Divine Intervention is a Slayer album that gets a lot of unwarranted hate in my opinion. The production wasn't as crisp as other recordings from this period and I think this contributes to people's dismissal of it, along with the fact that Lombardo was absent.

As Slayer's six album, Divine intervention returns to the aggressive thrash sound that was present on Reign in Blood with every track being a torrent of fast riffs and hideous imagery. I love the lyrical content of this album, Araya does sound incredibly cheesy at times but when he gets it right his lyrics and vocal style are the most unsettling combination metal has ever known. With themes such as serial killers, Nazi Germany and religious obsession, Araya explores some of the darkest aspects of humanity.
King and Hanneman are also on top form, playing a plethora of riffs on each song. I think they got the balance of slow, evil riffs (Divine intervention, 213) and fast, aggressive riffs (SS-3, mind control) perfect on this album. Paul Bostaph does a great job filling in for Dave, shining in his own right as a metal drummer.

Personally, I feel Divine Intervention was the last "amazing" album Slayer did and is my fourth favourite after Reign in Blood, Hell Awaits and Show No Mercy. If you really enjoyed Seasons in the Abyss and South of Heaven, you may not appreciate this return to speed and fury. Any fan of fast paced thrash metal, however, should certainly check this out.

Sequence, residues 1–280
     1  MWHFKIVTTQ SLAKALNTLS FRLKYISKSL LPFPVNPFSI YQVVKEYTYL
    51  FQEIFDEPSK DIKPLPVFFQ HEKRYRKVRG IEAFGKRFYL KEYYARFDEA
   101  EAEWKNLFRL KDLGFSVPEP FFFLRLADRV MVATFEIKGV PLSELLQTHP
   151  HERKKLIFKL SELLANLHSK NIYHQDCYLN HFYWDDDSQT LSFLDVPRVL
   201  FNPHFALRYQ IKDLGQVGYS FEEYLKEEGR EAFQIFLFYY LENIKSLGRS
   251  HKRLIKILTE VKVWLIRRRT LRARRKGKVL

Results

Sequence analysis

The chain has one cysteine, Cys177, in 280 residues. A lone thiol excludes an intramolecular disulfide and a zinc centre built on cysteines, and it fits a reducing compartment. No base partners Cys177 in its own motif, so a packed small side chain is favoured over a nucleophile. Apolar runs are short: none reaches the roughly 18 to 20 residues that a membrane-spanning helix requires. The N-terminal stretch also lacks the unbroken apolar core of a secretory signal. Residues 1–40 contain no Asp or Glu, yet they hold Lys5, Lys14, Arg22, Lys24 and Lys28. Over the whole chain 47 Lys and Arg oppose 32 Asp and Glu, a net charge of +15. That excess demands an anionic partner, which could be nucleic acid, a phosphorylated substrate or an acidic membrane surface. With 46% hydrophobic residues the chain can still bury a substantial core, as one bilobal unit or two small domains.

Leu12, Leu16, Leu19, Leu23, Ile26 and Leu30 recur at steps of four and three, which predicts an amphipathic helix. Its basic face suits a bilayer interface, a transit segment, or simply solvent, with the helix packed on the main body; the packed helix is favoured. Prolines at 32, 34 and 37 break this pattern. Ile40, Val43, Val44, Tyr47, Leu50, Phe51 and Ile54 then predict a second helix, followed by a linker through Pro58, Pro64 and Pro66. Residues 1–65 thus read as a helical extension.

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on 8 March 2010
This was the point at which I became seriously disappointed with Slayer's musical output. Whilst they had to do something less aggressive than Reign in Blood in its wake at least South of Heaven was a highly imaginative and varied listening experience that to this day is a unique record and extremely satisfying with lasting classics. Seasons showed them settling down into a style that was pretty good and accomplished, perhaps a bit too comfortably resting on their laurels earned with the apocalyptic storm that was Reign in Blood. But Divine Intervention strikes me as a mess, with Araya's vocal delivery being uninspired and largely spoiling the show. It also doesn't help that Lombardo wasn't around at this point to contribute the best drumming in thrash and I feel this has a knock-on effect throughout the music, with rhythm generally not being as catchy as on previous albums. Musicianship is, however, pretty consistently adequate throughout the album.